Wake up all you operators in security of supply! Quantum computing is challenging data security – prepare for the potential of quantum computing in a secure way

Blog post
Outi-Marja Latvala,
Mari Muurman

A quantum computer uses quantum mechanics to significantly boost its performance and could in the future discover, for example, new drug proteins, which is too much work for today's computers. At the same time, however, this computing technology, which uses cubits instead of bits, introduces new problems.

The quantum computer poses a particular threat to the encryption algorithms currently in use, which are based on the assumption that certain mathematical problems cannot be solved with the computing power of today’s computers. However, with more powerful quantum computers this is possible, challenging current security solutions. It is therefore important for organisations, especially those critical to security of supply, to start preparing for the risks posed by quantum computers.

Quantum-secure solutions in place by 2030

Why should businesses and other organisations be concerned about new computing technologies that may become available in the future? The reason lies in the fact that cybercriminals and spies can store encrypted sensitive information now then decrypt it later when quantum computer technology has matured enough. This can have significant consequences for a company's business.

For example, organisations that process health data need to protect their data for decades, so quantum computers are a risk factor that must be considered.

Existing symmetric encryption methods, updated to be more efficient, can protect data stored in databases. In the healthcare sector, however, sensitive information moves between the systems of different organisations. It’s precisely the encryption of this communication, now done using the public key method, that is vulnerable to quantum attack.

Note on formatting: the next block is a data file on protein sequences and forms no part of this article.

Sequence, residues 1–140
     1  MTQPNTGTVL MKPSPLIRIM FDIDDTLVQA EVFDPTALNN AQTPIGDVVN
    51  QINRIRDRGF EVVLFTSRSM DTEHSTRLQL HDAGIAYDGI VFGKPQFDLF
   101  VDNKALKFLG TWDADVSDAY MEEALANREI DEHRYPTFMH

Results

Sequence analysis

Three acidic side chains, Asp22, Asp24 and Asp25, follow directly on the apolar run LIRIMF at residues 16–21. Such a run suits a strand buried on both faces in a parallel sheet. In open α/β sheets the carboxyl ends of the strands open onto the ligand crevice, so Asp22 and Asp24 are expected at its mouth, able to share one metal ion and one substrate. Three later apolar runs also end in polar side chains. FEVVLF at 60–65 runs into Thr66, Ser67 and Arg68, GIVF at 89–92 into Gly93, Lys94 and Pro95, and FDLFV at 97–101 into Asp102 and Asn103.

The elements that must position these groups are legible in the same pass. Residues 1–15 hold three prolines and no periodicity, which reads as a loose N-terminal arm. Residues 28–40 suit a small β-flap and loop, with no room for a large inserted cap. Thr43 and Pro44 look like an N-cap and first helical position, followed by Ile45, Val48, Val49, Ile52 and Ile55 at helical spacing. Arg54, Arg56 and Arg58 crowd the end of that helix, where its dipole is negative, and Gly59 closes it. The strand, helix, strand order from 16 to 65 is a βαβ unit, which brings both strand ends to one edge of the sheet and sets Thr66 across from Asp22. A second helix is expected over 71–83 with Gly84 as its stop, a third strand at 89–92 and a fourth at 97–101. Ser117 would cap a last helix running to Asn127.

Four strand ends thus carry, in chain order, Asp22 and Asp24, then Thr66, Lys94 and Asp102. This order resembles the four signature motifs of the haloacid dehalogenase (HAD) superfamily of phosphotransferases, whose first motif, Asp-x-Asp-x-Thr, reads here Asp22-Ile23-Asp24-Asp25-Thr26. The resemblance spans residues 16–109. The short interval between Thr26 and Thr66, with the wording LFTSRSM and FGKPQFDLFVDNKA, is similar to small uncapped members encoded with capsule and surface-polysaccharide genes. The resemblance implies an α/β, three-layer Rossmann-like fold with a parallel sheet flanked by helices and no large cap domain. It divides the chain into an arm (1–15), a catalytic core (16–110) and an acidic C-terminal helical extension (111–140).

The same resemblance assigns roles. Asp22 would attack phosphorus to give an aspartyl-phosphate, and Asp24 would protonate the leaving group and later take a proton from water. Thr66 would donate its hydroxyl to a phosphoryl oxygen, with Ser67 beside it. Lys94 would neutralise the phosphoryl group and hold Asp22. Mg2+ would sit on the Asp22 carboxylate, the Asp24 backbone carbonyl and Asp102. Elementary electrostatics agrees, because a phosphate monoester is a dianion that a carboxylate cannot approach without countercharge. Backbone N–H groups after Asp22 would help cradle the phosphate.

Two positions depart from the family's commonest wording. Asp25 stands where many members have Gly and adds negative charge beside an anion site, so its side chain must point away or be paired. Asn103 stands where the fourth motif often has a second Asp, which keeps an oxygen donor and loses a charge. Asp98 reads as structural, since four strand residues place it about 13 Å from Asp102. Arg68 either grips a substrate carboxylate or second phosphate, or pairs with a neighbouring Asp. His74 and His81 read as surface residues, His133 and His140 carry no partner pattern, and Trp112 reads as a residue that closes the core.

It’s both important and responsible to take quantum risk into account in time to respond to it in a methodical and prudent way. In a hurry, costly mistakes can be made. The general recommendation is to move to quantum-secure solutions by 2030. 

Crypto-agile thinking and a roadmap to prepare for the future

Work on standardising new quantum-secure algorithms is now in its final stages. It’s likely that the use of both traditional and new algorithms as hybrid systems will be recommended for the transitional period. In the short term, old algorithms are good and proven against current threats, while some new methods may still have weaknesses. In the long term, traditional algorithms will become less relevant in the face of quantum computers; at the same time, new algorithms will mature as research on them advances.

It’s therefore worthwhile for security of supply operators to take upgradability and crypto-agility into account in all types of IT and production systems procurement. This means the ability to change the encryption algorithms in use without having to make major changes to the whole system.

To help you prepare, you may want to create a roadmap to promote a managed quantum transition. The roadmap should compile the encryption methods used by existing systems, identify databases containing critical data and provide a timeline for upgrading them to be quantum secure. This can mean either moving to fully quantum-secure encryption methods or hybrid solutions.

You also need to ensure that your organisation has a trained workforce and sufficient funding to implement the necessary changes.

A study on the awareness of quantum threats among security of supply operators

At VTT, we’re conducting a study on the quantum threat awareness among Finnish operators in security of supply. At the end of the study, we will publish a Post Quantum Cryptography roadmap to support such operators. A policy brief on the situation and research into quantum-secure cryptography in Finland has previously been published, which recommends, among other things, more education on the use of quantum technologies and preparedness.

Even if your company or organisation doesn't need to keep its data secure for decades, it's still a good idea to practise good cyber hygiene. For example, systems need to be kept up to date, employees primed against phishing messages and access rights properly sized for the job. It’s particularly important to keep personnel up to date about new security challenges and solutions.

OutiMarja Latvala
Outi-Marja Latvala
Research Scientist
Mari Muurman
Mari Muurman
Research Scientist
Our vision beyond 2030

A safe society is a wonderful thing. It should be treasured and strengthened so that known and unknown threats both in the real and virtual worlds do not jeopardise it.